Spotlight on side­kicks

The Guardian (Charlottetown) - - PROVINCE - BY JAKE COYLE

‘Minions’ pro­vides a pre­quel for the pip­squeaks of ‘De­spi­ca­ble Me’

Side­kicks rarely shine when thrust into the spotlight, but what about a few hun­dred of them?

The Minions, hav­ing been the best part of the two pre­vi­ous “De­spi­ca­ble Me” movies, have swarmed the screen in “Minions.” As can­di­dates for cen­tre stage, they are seem­ingly ill­suited. Slav­ishly — if rarely com­pe­tently — de­voted lack­eys, they’re un­der­lings by both def­i­ni­tion and ver­ti­cal­ity.

They don’t speak in­tel­li­gi­bly, which, to be fair, isn’t a bar all of Hol­ly­wood’s lead­ing men reach. In­stead, they talk in a bright bab­ble that be­lies their fond­ness for col­or­ful pho­net­ics. “Banana” and “pinata” are their kind of words.

Their un­suit­abil­ity for the lead role, or just about any­thing else, is much of the fun of “Minions,” a happy hench­men over­load that largely suc­ceeds in its sim­ple mis­sion: More Minions!

Di­rected by Pierre Cof­fin (who co-di­rected “De­spi­ca­ble Me” one and two and voices the Minions) and Kyle Balda, “Minions” be­gins in fine form. The lit­tle yel­low ones are al­ready hum­ming the Uni­ver­sal theme as the film be­gins.

With Ge­of­frey Rush nar­rat­ing, we get the history of the Minions, which stretches back across eons and be­gins with them — a cu­rios early mam­mal — lit­er­ally walk­ing out of the sea.

But the evo­lu­tion stops there. For thou­sands of years, we see, they’ve been let­ting down their evil mas­ters, from a Tyran­nosaurus Rex ac­ci­den­tally tipped into a vol­cano, to Drac­ula, whom they ex­cit­edly wake with a birth­day cake and wideopen blinds.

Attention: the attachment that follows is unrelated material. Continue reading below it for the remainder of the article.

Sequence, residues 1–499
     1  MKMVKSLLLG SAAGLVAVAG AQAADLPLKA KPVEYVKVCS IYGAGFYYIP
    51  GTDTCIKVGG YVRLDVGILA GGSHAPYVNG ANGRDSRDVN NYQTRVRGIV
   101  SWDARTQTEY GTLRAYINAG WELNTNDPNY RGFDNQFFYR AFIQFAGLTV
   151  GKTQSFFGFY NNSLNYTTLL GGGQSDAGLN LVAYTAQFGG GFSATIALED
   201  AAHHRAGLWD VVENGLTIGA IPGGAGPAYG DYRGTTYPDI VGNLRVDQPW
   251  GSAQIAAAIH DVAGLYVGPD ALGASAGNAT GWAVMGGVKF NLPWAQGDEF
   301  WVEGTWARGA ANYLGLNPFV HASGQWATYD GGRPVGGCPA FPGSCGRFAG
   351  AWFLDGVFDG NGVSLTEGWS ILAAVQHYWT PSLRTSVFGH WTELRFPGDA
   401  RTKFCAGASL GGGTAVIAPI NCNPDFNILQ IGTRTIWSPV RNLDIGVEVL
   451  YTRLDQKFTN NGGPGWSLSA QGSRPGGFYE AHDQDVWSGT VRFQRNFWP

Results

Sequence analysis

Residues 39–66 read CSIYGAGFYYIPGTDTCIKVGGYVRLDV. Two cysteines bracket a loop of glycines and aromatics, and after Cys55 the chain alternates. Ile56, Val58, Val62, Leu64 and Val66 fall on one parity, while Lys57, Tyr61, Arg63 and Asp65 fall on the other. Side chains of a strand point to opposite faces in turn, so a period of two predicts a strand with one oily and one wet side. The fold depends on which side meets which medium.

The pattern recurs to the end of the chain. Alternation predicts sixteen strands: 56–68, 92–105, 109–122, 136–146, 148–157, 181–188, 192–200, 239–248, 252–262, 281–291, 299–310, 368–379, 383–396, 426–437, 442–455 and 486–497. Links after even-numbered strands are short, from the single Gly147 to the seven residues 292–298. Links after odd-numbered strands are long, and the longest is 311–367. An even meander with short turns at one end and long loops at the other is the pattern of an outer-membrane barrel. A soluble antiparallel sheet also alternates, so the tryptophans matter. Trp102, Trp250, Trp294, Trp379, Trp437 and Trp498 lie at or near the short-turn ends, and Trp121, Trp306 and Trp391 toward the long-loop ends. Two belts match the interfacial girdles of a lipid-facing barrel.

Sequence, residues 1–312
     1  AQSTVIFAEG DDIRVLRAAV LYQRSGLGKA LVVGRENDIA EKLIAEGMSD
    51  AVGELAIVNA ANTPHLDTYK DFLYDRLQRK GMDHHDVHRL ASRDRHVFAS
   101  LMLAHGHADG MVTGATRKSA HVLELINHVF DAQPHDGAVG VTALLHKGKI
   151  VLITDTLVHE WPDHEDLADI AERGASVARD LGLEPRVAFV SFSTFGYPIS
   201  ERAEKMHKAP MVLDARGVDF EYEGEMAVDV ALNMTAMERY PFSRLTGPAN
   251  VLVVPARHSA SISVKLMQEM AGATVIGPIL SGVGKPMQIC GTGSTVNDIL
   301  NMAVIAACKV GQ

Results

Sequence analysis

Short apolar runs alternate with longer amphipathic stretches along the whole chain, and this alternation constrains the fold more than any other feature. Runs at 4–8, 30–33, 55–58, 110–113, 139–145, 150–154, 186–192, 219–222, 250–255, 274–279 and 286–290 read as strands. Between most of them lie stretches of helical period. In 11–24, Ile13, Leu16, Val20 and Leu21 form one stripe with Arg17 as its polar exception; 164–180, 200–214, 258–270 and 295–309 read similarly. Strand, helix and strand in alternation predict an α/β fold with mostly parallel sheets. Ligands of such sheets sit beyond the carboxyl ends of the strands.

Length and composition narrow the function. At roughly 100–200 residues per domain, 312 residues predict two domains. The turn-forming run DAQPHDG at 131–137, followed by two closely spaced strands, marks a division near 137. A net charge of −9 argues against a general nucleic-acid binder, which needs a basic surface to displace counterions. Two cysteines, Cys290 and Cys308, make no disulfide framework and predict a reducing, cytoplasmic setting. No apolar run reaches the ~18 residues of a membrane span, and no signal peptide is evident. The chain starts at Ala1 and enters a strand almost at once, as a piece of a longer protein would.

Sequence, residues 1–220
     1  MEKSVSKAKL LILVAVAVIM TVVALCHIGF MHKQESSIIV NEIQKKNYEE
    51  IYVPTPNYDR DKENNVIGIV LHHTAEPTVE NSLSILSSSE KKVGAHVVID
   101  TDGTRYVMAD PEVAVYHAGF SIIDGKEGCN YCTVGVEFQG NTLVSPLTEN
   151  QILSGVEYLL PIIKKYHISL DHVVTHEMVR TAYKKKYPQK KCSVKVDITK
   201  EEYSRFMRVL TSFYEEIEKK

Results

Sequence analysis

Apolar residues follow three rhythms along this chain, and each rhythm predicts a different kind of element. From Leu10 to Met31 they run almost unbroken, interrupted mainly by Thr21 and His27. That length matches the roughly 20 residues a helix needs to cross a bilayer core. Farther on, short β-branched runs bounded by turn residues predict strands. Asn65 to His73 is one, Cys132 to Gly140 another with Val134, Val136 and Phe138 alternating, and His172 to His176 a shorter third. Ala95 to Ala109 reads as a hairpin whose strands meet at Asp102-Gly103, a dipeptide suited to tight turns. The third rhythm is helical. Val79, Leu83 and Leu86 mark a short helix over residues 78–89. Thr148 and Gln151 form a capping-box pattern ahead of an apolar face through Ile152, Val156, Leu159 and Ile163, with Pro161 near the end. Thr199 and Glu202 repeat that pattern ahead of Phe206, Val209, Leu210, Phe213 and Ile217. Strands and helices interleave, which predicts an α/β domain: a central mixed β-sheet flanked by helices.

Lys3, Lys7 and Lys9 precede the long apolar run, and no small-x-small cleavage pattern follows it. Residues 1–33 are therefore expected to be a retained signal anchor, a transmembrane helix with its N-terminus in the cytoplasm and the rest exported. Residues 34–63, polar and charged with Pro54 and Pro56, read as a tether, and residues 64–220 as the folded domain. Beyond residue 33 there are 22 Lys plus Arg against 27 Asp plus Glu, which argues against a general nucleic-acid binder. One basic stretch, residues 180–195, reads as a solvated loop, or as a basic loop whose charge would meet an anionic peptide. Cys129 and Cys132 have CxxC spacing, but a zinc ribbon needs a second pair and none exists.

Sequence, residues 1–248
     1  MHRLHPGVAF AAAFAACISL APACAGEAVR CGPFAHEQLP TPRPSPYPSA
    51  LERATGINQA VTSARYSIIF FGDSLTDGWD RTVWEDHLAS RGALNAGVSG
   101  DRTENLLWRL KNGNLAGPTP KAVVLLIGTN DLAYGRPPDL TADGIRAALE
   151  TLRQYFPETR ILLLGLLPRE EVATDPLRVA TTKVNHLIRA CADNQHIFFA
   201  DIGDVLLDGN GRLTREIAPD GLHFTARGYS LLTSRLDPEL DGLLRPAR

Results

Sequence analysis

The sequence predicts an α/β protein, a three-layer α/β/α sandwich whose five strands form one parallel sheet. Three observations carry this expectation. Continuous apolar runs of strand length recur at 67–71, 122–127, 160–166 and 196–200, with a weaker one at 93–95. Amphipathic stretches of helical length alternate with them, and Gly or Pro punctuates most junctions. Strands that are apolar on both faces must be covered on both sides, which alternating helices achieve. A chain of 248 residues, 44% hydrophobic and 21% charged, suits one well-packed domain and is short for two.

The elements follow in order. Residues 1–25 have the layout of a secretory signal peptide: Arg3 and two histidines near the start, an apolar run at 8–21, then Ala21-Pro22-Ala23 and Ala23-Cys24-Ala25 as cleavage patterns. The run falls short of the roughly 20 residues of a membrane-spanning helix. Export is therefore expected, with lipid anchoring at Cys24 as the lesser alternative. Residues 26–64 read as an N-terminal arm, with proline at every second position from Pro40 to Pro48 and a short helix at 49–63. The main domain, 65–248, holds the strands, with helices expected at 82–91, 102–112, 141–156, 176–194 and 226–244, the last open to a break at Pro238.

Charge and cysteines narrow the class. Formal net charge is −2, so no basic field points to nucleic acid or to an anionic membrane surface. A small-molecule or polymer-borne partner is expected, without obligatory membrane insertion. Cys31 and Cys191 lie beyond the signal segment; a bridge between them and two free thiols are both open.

The Minions have their own Ice Age, how­ever, end­ing up lead­er­less in Antarc­tica. Af­ter a few hun­dred years, the joy of snow ball fights be­gin­ning to dim, three of them — Kevin, Bob and Stu­art — set out on a quest to find a new su­pervil­lain to idol­ize.

Soon, they’re on their way to Vil­lain-Con, a riff on Comic-Con only a con­ven­tion cel­e­brat­ing the likes of Scar­let Overkill (San­dra Bul­lock), an evil world-con­queror in a bee­hive. The trio in­ad­ver­tently wins a job in Overkill’s en­tourage, and they’re soon en­meshed in her plan to take the Bri­tish throne, along with Overkill’s in­ven­tor, Herb ( Jon Hamm).

There are, it should be noted, more am­bi­tious seats of power to set one’s di­a­bol­i­cal sights on. But this is 1960s Swing­ing Lon­don, a col­or­ful if over-fa­mil­iar back­drop, and the gog­gle-wear­ing Minions could just as well be chip­per Mods.

The ir­rev­er­ent slap­stick un­for­tu­nately gives way to the kind of ac­tion set pieces that have now even cor­rupted chil­dren’s movies. The bom­bast, though never se­ri­ous, is still loud enough to, for too long, drown out the best thing the movie has go­ing for it: The chuck­les and squeaks of the Minions.

It also makes it harder to hear the other key sound ac­com­pa­ny­ing the Minions: the laugh­ter of chil­dren. What are the Minions but stand-ins for kids? Mum­bling half-un­der­stood words by the mouth­ful, they plunge head­long into any task, usu­ally wield­ing a dan­ger­ous ob­ject they shouldn’t. Noth­ing makes them dou­ble over like a good prat­fall, and they will in­sist on a good­night kiss or bed­time story. Team­ing and re­lent­less, they will melt the heart of any guardian, even a su­pervil­lain.

Com­ing on the heels of Pixar’s “In­side Out,” an emo­tional wal­lop that most knocks out mistyeyed adults, “Minions” is a dif­fer­ent beast. This one’s for the kids.

“Minions,” a Uni­ver­sal Pic­tures re­lease, is rated PG by the Mo­tion Pic­ture As­so­ci­a­tion of Amer­ica for “ac­tion and rude hu­mour.” Run­ning time: 91 min­utes. Two and a half stars out of four.

AP PHOTO

In this im­age re­leased by Uni­ver­sal Pic­tures, Scar­let Overkill, voiced by San­dra Bul­lock, sec­ond left, ap­pears with minions Stu­art, left, Kevin and Bob, right, in a scene from the an­i­mated fea­ture, “Minions.

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